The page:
Provide Support For Branding and Monetization
Most importantly, the app needs to allow organizations to customize the community’s look and feel, while allowing them to leverage their branding. Crafting an intuitive user interface for its design functionality becomes critical. As such, consider providing support for drag and drop screen design.
Additionally, you must provide organizations with the ability to monetize their community. This remains a leading reason many are currently abandoning Facebook Groups. Support for premium content, like online courses, is critical, as well as providing a variety of eCommerce payment options.
Offer Robust User Management, Moderation, and Content Creation Features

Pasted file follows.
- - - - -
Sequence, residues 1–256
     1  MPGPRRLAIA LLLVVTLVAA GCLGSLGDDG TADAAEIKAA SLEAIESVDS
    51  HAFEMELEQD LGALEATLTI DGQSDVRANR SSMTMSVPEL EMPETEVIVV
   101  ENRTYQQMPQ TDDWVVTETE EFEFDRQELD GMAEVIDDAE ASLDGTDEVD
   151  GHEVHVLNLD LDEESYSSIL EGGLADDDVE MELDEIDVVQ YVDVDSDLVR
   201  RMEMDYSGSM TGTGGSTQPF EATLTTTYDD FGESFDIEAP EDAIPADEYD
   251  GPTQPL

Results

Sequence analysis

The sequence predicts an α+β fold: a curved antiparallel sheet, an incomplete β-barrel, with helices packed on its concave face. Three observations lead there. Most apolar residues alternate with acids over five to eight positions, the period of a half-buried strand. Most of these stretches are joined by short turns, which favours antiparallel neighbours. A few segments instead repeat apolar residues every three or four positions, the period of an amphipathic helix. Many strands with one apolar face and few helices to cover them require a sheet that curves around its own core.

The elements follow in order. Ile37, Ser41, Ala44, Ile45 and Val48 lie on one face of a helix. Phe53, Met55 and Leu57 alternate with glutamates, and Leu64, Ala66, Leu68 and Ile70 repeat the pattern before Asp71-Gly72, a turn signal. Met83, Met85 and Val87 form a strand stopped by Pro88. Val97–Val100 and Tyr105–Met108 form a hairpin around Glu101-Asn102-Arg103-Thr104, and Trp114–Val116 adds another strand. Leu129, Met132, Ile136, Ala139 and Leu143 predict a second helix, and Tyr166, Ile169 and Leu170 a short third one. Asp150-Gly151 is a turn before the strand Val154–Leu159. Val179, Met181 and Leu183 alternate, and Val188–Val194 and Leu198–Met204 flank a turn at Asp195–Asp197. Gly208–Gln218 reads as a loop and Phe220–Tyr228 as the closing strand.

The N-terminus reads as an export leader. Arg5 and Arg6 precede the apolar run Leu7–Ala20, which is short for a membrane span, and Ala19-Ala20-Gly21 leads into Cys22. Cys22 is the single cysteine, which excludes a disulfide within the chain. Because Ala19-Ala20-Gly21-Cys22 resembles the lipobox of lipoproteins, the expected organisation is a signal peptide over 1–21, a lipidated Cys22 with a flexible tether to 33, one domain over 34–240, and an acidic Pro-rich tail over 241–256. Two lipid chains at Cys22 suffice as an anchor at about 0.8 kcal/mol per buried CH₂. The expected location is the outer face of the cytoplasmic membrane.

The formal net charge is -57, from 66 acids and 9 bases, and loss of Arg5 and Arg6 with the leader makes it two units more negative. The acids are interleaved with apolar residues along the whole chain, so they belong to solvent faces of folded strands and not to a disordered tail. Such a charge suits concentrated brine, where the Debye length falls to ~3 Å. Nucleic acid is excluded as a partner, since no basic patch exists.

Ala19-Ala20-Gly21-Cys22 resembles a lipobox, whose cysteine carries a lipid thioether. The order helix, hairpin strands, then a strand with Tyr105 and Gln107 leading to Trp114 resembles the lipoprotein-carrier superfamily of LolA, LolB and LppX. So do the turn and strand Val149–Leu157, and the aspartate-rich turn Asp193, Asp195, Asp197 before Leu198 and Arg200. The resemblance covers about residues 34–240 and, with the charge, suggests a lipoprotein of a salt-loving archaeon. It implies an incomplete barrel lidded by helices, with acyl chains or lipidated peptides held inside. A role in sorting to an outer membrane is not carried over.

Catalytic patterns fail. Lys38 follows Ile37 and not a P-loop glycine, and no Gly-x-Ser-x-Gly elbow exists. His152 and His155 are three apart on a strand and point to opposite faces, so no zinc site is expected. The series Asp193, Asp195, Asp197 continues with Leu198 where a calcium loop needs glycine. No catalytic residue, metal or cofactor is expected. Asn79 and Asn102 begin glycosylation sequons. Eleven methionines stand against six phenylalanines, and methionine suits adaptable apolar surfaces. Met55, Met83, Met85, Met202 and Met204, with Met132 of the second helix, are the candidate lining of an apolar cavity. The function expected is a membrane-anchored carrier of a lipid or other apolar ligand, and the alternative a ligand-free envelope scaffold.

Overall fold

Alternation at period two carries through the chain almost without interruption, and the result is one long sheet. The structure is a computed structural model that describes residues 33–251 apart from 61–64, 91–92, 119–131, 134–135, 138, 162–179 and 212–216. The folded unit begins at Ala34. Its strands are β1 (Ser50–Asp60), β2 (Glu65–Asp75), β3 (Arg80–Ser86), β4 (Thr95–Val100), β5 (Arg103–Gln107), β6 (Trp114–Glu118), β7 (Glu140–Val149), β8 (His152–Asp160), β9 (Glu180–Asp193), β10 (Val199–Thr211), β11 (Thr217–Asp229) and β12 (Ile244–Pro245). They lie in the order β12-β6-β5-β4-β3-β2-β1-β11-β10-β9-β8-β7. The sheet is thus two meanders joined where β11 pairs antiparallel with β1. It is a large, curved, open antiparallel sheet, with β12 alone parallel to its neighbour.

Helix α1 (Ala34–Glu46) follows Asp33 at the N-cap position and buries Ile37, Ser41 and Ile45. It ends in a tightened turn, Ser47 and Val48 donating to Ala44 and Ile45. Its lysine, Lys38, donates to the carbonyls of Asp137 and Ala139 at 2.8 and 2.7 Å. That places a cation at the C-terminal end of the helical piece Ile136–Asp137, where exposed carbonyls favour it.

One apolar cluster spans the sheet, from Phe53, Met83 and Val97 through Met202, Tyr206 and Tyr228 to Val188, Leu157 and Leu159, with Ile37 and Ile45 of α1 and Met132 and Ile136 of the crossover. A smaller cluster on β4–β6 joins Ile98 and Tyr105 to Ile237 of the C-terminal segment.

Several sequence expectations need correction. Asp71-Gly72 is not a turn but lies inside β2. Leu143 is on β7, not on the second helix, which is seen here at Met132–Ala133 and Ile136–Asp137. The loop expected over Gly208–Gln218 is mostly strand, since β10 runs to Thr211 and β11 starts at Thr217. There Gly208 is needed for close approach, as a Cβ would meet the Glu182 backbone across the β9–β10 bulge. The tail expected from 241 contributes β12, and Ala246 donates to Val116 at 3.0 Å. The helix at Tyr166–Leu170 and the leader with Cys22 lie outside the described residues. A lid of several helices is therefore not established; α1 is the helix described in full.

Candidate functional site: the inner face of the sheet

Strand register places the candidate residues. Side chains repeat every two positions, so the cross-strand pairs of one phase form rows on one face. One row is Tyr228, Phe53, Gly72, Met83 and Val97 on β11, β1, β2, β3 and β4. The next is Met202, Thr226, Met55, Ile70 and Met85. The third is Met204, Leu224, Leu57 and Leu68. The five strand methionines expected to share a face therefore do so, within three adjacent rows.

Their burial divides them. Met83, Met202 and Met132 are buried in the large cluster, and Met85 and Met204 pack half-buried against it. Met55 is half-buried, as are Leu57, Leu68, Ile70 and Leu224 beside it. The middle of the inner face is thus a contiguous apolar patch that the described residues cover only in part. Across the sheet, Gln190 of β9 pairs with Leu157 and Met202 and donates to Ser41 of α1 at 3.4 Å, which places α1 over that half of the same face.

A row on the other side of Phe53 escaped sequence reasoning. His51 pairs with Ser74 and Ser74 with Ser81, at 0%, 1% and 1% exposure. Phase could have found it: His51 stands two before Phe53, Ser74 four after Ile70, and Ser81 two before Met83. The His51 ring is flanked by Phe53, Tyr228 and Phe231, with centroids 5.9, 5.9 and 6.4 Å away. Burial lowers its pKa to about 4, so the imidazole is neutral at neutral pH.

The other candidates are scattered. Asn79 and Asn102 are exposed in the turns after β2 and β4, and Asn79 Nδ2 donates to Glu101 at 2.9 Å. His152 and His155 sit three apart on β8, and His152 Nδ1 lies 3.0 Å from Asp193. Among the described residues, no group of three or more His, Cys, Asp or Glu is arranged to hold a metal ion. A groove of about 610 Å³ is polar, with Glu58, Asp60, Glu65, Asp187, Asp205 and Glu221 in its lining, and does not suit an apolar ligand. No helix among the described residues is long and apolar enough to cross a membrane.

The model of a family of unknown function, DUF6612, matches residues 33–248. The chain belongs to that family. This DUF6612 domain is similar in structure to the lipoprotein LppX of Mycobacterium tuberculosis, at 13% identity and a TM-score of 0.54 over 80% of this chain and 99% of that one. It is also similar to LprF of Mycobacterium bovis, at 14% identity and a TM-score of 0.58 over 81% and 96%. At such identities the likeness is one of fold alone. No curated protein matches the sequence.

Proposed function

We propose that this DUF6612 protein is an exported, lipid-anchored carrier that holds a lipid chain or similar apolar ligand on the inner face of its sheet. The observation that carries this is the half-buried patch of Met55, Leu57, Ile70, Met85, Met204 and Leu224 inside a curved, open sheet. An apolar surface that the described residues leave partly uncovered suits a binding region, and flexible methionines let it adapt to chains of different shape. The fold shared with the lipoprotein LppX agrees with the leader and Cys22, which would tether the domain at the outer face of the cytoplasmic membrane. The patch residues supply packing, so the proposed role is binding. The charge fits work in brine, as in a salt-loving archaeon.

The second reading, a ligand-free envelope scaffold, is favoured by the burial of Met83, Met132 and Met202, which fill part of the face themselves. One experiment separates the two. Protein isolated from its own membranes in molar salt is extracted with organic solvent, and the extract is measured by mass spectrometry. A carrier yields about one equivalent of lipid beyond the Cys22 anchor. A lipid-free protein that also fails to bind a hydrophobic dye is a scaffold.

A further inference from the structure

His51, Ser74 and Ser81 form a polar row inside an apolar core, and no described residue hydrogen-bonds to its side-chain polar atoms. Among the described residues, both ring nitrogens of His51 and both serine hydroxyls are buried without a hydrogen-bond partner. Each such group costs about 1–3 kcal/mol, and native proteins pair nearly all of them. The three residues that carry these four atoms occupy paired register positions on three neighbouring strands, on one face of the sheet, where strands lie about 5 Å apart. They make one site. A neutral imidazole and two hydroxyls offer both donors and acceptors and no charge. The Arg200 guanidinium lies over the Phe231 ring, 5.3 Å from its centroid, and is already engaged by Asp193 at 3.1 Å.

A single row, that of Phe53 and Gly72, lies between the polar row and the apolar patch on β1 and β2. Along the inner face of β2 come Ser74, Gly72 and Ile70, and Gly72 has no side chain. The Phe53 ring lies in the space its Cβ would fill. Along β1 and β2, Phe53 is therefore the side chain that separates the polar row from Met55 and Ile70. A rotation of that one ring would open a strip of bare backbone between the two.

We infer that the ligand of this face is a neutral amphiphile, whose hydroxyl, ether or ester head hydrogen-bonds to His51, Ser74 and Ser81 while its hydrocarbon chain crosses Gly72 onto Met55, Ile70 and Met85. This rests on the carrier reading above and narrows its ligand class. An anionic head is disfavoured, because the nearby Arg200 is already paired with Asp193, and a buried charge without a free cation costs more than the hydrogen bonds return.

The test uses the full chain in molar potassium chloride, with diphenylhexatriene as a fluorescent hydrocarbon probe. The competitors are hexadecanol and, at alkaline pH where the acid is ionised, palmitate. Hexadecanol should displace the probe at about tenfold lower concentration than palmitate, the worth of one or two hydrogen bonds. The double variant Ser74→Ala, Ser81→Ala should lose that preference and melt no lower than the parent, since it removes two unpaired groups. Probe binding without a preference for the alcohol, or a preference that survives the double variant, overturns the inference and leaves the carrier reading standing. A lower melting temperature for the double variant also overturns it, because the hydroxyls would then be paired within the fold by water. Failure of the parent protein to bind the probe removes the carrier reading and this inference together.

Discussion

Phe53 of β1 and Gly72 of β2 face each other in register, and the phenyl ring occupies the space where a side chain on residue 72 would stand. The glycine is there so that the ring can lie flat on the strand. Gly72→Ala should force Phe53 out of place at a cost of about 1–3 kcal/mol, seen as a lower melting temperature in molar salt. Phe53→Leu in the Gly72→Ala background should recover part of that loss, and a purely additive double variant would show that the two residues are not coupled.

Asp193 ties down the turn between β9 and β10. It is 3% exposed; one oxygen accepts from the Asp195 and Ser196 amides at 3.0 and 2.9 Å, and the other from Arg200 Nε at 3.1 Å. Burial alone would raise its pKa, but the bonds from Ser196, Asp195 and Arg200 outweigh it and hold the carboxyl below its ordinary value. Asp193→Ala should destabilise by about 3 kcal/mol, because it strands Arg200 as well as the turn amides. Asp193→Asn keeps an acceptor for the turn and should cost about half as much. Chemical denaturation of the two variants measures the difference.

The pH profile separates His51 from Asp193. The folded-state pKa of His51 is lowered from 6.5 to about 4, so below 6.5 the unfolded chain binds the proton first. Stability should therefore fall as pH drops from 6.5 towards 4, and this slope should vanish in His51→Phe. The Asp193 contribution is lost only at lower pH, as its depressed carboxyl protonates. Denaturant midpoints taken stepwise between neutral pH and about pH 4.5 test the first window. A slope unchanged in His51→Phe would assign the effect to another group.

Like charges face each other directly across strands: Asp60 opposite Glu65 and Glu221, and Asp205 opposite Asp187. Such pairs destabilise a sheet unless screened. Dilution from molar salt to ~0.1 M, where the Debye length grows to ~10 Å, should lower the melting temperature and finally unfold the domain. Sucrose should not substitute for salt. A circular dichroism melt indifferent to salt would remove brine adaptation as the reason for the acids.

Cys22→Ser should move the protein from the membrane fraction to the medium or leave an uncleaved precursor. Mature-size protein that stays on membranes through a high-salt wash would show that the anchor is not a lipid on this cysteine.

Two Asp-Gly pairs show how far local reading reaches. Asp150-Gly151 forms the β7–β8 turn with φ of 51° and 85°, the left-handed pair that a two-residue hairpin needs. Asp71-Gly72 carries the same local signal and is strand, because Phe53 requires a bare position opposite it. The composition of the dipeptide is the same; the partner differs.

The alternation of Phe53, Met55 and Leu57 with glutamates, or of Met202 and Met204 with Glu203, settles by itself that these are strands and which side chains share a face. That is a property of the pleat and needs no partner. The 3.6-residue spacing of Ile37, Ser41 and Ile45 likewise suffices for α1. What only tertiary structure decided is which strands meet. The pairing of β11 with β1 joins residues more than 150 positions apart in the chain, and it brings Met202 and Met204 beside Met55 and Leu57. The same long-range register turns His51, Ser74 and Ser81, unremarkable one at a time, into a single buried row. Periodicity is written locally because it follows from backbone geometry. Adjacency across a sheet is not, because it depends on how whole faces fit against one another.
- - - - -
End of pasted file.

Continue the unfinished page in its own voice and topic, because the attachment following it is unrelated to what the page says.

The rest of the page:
Community management functionality is also critical. When online groups grow to over thousands of users or more, it becomes difficult to manage that user base. Facebook Groups remains an obvious example of this lack of scalability. As such, include robust moderation and user management features.
Supporting a variety of content types is important and helps users monetize their communities. Allow for rich-media content, including audio, video, online courses, and a flexible article structure. Letting community users host their own live streams is another feature worthy of inclusion. You don’t need to reinvent WordPress, but provide your users and their community with a robust interface for creating meaningful content.
Data Analytics, Reporting, and SEO